The decision is up to Michael S. Dell. The question is whether to engage in financial engineering by taking Dell (NASDAQ:DELL), the No. 3 PC maker, into the biggest-ever technology leveraged buyout or remaining independent. A decision to take the company private in a deal valued around $23 billion could be imminent.
Wall Street types leaked news that Dell was working with Silver Lake Partners, the technology private equity firm in Menlo Park, Calif., to take over the company, perhaps with the Canadian Pension Plan Investment Board, with bank financing from JPMorgan Chase (NYSE:JPM), which is advising Dell, along with Bank of America (NYSE:BAC), Royal Bank of Canada (NYSE:RY) and Credit Suisse (NYSE:CS),
The news, first speculated six weeks ago, has sent depressed Dell shares up considerably. They closed Friday at $12.84, up 2 cents, for a weekly gain of 18 percent. Since Dec. 5, the gain has been 25.6 percent.
Clearly, that’s balm for shareholders, mainly institutions like T. Rowe Price (NASDAQ:TROW), Vanguard Funds and BlackRock Funds (NYSE:BLK). Even with the recent upsurge and dividends, Dell shares are still down 20 percent over the past year and nearly 50 percent since 2003.
Going private would enable Dell to exit the rigamarole of quarterly earnings and analyst meetings, lower costs and free time for managers to concentrate on their strategy of becoming a full-fledged computer services provider, somewhat like International Business Machines Corp. (NYSE:IBM), the No. 2 computer company.
They’ve spent about $12.7 billion on acquisitions since 2007, buying public and private companies, including SonicWall, Quest Software, Compellent Technologies and Wyse Technologies, using the Round Rock, Tex., company’s huge cash flow plus cash and investments.
Going private would mean saddling Dell with enormous debts, conceivably $23 billion, which would have to be paid off over time. There’d be huge management fees for Silver Lake at every step. Then the banks who syndicate loans in the U.S. and abroad would have to be paid back, with interest.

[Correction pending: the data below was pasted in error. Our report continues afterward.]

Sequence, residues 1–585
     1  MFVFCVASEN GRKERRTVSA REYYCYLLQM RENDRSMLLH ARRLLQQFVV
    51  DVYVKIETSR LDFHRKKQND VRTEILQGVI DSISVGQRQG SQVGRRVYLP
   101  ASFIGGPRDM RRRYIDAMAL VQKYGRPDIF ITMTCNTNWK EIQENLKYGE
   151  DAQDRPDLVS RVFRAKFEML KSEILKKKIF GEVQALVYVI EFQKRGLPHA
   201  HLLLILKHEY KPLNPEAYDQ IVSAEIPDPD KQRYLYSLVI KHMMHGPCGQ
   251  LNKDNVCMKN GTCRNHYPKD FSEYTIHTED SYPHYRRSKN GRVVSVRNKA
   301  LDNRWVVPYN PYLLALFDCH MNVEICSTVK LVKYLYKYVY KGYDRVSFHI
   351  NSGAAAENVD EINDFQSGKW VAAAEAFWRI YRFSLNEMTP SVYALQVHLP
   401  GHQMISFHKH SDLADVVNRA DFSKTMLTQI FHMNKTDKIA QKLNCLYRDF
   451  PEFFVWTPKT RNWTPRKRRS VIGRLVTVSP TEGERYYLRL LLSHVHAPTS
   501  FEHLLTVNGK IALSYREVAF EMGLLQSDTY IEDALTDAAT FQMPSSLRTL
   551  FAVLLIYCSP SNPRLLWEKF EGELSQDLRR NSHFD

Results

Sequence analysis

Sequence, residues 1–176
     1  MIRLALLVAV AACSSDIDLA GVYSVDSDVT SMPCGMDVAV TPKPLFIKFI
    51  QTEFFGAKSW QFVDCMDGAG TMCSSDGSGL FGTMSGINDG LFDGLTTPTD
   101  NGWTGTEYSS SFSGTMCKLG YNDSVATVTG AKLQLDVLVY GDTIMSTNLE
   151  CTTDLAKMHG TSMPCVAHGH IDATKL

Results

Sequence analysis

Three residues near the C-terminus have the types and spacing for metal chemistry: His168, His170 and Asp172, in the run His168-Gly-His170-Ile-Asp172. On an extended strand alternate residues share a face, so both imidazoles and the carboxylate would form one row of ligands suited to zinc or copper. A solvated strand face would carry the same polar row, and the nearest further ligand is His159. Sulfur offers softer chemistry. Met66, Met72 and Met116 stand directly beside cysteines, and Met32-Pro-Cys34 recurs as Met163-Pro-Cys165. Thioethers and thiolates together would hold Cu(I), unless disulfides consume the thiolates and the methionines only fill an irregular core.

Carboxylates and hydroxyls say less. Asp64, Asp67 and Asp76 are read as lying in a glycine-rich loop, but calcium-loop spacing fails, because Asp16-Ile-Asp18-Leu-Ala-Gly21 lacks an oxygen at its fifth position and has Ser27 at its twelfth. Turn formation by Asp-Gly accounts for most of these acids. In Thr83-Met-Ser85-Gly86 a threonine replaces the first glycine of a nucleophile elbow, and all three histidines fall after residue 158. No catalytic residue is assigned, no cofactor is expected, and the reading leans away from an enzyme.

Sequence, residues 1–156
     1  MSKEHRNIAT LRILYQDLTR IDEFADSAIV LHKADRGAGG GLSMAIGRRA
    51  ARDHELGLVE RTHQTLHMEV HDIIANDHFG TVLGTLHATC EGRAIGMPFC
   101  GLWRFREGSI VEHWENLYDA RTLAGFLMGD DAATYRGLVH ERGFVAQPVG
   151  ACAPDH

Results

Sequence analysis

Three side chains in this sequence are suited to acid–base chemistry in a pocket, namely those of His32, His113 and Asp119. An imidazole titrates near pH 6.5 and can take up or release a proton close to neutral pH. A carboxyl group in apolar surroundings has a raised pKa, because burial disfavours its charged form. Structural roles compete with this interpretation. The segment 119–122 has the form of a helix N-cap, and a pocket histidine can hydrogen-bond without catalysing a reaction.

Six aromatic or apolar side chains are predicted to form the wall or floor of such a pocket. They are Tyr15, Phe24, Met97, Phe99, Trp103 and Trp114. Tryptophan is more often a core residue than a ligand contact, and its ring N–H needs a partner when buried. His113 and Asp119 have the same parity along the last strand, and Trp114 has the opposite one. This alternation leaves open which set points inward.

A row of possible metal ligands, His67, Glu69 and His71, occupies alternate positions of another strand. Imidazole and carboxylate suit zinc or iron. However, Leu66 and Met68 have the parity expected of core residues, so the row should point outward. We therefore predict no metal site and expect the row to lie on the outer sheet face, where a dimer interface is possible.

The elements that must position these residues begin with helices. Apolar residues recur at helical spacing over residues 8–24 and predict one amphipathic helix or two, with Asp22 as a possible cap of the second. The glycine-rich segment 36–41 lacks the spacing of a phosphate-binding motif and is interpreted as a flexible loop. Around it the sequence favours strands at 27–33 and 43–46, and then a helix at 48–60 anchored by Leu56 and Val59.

Anyone who has ever bought a home with a mortgage knows the hassle of a closing, with real estate agents, bank officials, lawyers, title specialists and the seller. Now imagine a closing with dozens of specialists involved, all of whom have to be paid off immediately or over time. In a buyout, they never go home!
What’s more: Dell, 47, owns 15.7 percent of the company called PC’s Limited when he founded it in his University of Texas dormitory in 1984. As CEO, chairman and director, he’d have to ask his handpicked board of directors to evaluate a bid for the company and not participate. He'd also have to deal with the owners of the company's current $9.3 billion in outstanding debt, who may not want to see an ownership change.
The board might decide a high-priced deal is in the shareholders’ best interests, even if it may not be.
Now, Dell, the company, does what Dell, the boss, wants. Should it be sold to Silver Lake, it would answer to Silver Lake Managing Director Glenn Hutchins and his partners, many of whom have outstanding technology backgrounds.
Why would Michael Dell want to cede control? His name is on the door and every product the company sells. Through all its ups and downs, his fortune of $14.6 billion now ranks him No. 22 on the Forbes 400. This university dropout is respected as one of the most dynamic business leaders in technology.
Moreover, the cash flow from Dell’s corporate operations -- about $3 billion for the 12 months ending Nov. 2 -- would likely be earmarked to pay down new debt and bank loans, rather than provide profits and funds for new products.
Dell’s third-quarter research and development spending was a meager 1.9 percent of revenue, but $50 million more than a year ago. Sales of PCs fell about 3.5 percent last year, Gartner (NYSE:IT) reported. Dell, which may want to get into the tablet, smartphone or medical electronics market, will need that cash.
There are other huge questions, such as how to deal with $14.2 billion in cash and corporate investments, most of which is outside the U.S. Repatriation could incur a huge tax bill.
In 2004, Dell stepped aside as CEO in favor of his vice chairman, Kevin Rollins, who messed up so badly the company lost its lead to HP and had to pay a $100 million fine to the Securities and Exchange Commission before Dell returned. Would he want to give up control now, then execute the strategy already underway?
Chances are, no.